The results of this study show a significantly higher myocardial [18 F] FDG uptake in the group of patients with activated BAT in comparison to the control group. This increase in myocardial [18 F] FDG uptake could be attributed to the sympathetic nervous system stimulation, as both the heart and BAT are densely innervated by the sympathetic adrenergic nerves. This association can be explained by multiple underlying mechanisms. The sympathetic nerve terminals, in response to cold weather exposure, release noradrenaline that binds to B-adrenergic receptors and initiates a cascade of intracellular events leading to the hydrolysis of triglycerides and the release of fatty acids. The fatty acids activate uncoupling protein-1 that is selectively expressed in BAT, resulting in the uncoupling of oxidative phosphorylation from adenosine triphosphate synthesis and the release of energy as heat.[6] In addition, sympathetic signaling upregulates the expression of glucose transporter 4 in the myocardium, as well as in fatty tissues and muscles, resulting in an influx of glucose and [18 F] FDG into the cells with sympathetic stimulation.[1] Hintsala demonstrated that cold exposure increases sympathetic activity and cardiac work that is manifested by increased peripheral blood pressure and heart rate.[16]

Multiple other factors may be involved in determining [18 F] FDG uptake in the heart. In a study conducted by Vosselman et al., [18 F] FDG uptake in BAT was measured after the administration of the nonselective B-agonist isoprenaline (ISO).[17] Despite the observed increase in the HR and energy expenditure, the results did not show BAT activation with ISO. However, simultaneous administration of ISO and acipimox, which inhibits lipolysis and lowers fatty acids, resulted in increased [18 F] FDG uptake in the heart but not in BAT. They concluded that fatty acids competed with [18 F] FDG uptake in the heart and that systemic nonselective B-adrenergic stimulation did not activate BAT. Another study by Söderlund found a significant reduction of [18 F] FDG uptake in the BAT after pretreatment with propranolol.[18] They also noted a decrease in myocardial [18 F] FDG uptake following the pretreatment with propranolol, although there was no statistical significance. On the other hand, Lindholm et al. found a mild increase in myocardial uptake after the administration of propranolol that also was not statistically significant.[19]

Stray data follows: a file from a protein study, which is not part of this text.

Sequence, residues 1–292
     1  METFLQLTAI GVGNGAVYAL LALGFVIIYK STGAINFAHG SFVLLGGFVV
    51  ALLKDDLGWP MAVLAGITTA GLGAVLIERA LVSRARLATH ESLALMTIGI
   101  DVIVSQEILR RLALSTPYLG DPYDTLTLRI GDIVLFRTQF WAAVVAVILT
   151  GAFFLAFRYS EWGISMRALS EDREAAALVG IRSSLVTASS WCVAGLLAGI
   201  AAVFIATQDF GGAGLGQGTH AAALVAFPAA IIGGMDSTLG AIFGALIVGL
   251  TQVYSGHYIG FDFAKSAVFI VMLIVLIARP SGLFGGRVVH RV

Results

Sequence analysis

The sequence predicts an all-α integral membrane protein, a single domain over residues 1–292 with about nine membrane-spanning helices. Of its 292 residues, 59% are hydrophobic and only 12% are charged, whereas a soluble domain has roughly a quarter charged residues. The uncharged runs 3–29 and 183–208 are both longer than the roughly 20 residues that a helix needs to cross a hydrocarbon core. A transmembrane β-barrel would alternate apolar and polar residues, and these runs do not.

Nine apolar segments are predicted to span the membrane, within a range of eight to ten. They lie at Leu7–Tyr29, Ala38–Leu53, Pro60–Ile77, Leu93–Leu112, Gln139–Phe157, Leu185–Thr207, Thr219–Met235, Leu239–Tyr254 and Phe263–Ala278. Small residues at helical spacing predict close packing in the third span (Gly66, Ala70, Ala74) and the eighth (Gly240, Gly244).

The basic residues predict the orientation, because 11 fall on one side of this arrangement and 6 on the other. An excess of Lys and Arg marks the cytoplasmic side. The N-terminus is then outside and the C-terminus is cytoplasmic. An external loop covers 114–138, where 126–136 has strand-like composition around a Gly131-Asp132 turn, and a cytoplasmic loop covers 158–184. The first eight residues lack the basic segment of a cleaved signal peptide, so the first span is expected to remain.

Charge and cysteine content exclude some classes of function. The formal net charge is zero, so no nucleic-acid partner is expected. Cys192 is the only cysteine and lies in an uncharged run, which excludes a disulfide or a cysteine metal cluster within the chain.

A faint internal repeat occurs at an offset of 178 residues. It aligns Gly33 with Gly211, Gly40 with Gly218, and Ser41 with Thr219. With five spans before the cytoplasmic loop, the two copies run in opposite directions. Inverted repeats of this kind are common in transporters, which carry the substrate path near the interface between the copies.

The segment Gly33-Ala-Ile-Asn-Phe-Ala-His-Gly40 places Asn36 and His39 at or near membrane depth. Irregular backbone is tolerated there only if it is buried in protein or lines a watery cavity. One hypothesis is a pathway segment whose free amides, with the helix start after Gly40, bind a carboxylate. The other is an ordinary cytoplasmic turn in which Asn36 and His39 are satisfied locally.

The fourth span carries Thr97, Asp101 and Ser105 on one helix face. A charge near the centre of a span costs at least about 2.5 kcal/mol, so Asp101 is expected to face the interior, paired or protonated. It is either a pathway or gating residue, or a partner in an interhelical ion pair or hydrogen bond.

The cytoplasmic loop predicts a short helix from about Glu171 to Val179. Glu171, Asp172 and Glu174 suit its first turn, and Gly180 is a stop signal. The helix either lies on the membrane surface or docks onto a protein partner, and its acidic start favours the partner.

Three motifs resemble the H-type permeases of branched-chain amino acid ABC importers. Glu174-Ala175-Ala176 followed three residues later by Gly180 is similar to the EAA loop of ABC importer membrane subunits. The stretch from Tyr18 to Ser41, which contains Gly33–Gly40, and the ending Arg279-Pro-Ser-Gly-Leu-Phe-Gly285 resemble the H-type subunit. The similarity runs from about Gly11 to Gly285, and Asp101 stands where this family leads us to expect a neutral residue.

Our results show that metabolically active BAT was most commonly found in the supraclavicular, axillary, cervical, and paravertebral regions [Figure 3]. It occurred less commonly in the mediastinal, suprarenal, and perinephric regions. These findings are consistent with previously published data by Cronin et al. which stated that metabolically active BAT was mostly localized in the neck and supraclavicular region (51.7%) and to a lesser extent in the mediastinum (5.7%).[20] Multiple other studies are also consistent with our findings in that activated BAT is most commonly seen in the supraclavicular region.[21],[22],[23]
Figure 3: Maximum intensity projection, axial, coronal and sagittal images of fluorodeoxyglucose positron-emission tomography/computed tomography study of a 30-year-old female with Hodgkin's lymphoma showing activated supraclavicular and paravertebral brown adipose tissue with diffuse intense myocardial uptake

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The prevalence of BAT and certain demographic data such as gender, age, BMI, and race were analyzed [Table 1]. In keeping with the published literature,[20],[21],[22],[23] we found a higher prevalence of activated BAT in females (58.8%) as compared to males (41.2%). Cronin et al. reported that in their studied group, younger patients had more brown fat FDG uptake.[20] In terms of age, activated BAT was more commonly noted in our younger patients with a mean age of 49.6 years compared to the control group with a mean age of 61.3 years. The mean BMI in the activated BAT group was 27 indicating borderline overweight patients. In the published literature, the mean BMI of patients with BAT was more on the higher end of the normal range, around 25, which is similar to our results.[20],[21]